Q: Isn’t colon cancer genetic?
A: Colorectal cancer is the second most-common cancer in the United States, striking 140,000 people annually and causing 60,000 deaths. That’s a staggering figure when you consider the disease is potentially curable if diagnosed in the early stages, typically with a colonoscopy. Colon cancer may run in some families, but in most cases there is no family history. Though it can occur at any age, more than 90 percent of the patients are over age 40, at which point the risk doubles every 10 years. Other high risk factors include a family history of colorectal cancer and polyps, and a personal history of ulcerative colitis, colon polyps or cancer of other organs, especially of the breast or uterus. Some genetic disorders increase the risk of colon cancer, such as familial adenomatous polyposis (FAP) and hereditary nonpolyposis colon cancer (HNPCC). Physicians can test for these with blood or tissue samples from the first person diagnosed with colon cancer in a family, so that the other members can be tested and prevent colon cancer. Ask your colorectal surgeon or gastroenterologist for more details.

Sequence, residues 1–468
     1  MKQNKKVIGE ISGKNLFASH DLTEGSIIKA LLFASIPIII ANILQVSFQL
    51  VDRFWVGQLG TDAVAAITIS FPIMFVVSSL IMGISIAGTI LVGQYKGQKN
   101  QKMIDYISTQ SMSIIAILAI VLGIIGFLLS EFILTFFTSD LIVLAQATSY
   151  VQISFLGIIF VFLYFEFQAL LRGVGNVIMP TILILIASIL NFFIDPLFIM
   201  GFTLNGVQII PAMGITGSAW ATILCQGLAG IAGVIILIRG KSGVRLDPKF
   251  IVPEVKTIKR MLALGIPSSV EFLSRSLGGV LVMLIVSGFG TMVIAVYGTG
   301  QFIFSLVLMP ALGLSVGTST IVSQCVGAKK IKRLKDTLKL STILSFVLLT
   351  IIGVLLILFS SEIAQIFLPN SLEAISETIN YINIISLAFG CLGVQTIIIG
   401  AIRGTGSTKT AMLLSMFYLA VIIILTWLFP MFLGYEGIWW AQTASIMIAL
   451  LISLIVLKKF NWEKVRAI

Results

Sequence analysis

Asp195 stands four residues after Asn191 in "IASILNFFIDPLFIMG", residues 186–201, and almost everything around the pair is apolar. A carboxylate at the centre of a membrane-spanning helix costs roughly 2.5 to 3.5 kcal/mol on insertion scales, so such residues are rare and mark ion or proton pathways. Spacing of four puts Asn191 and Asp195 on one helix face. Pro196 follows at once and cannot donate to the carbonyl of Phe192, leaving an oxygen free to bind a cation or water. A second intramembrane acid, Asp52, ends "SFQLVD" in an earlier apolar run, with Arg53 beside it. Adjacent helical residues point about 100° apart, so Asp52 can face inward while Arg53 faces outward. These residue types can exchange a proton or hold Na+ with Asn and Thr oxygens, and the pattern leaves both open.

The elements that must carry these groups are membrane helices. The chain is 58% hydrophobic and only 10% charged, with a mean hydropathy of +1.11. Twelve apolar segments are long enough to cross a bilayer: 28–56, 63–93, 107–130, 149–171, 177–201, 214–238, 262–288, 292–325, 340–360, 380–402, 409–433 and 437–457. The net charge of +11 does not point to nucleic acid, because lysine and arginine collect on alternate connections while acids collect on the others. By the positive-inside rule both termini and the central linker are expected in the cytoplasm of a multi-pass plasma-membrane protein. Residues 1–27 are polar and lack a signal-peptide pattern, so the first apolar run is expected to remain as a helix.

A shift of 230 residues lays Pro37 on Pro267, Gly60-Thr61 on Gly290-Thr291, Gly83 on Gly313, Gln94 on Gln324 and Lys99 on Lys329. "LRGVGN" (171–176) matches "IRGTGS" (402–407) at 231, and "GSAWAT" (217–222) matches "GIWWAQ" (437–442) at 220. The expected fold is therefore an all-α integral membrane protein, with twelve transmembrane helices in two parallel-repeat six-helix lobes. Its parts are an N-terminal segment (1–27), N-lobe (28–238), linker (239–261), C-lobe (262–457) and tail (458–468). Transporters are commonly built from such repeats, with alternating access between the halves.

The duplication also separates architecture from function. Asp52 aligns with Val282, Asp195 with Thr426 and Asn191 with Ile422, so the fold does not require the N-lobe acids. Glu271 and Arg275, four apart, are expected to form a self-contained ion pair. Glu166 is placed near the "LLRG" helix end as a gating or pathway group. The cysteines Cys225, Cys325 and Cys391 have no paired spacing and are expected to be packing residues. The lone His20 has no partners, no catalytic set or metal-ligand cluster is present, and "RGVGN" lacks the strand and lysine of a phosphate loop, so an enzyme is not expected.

— Dr. Shauna Lorenzo-Rivero, colorectal surgeon, University Surgical Associates; member, Chattanooga-Hamilton County Medical Society
Readers: To submit a question for medical doctors, email it to Clint Cooper at ccoopertimesfreepress.com. See this space each week for answers.
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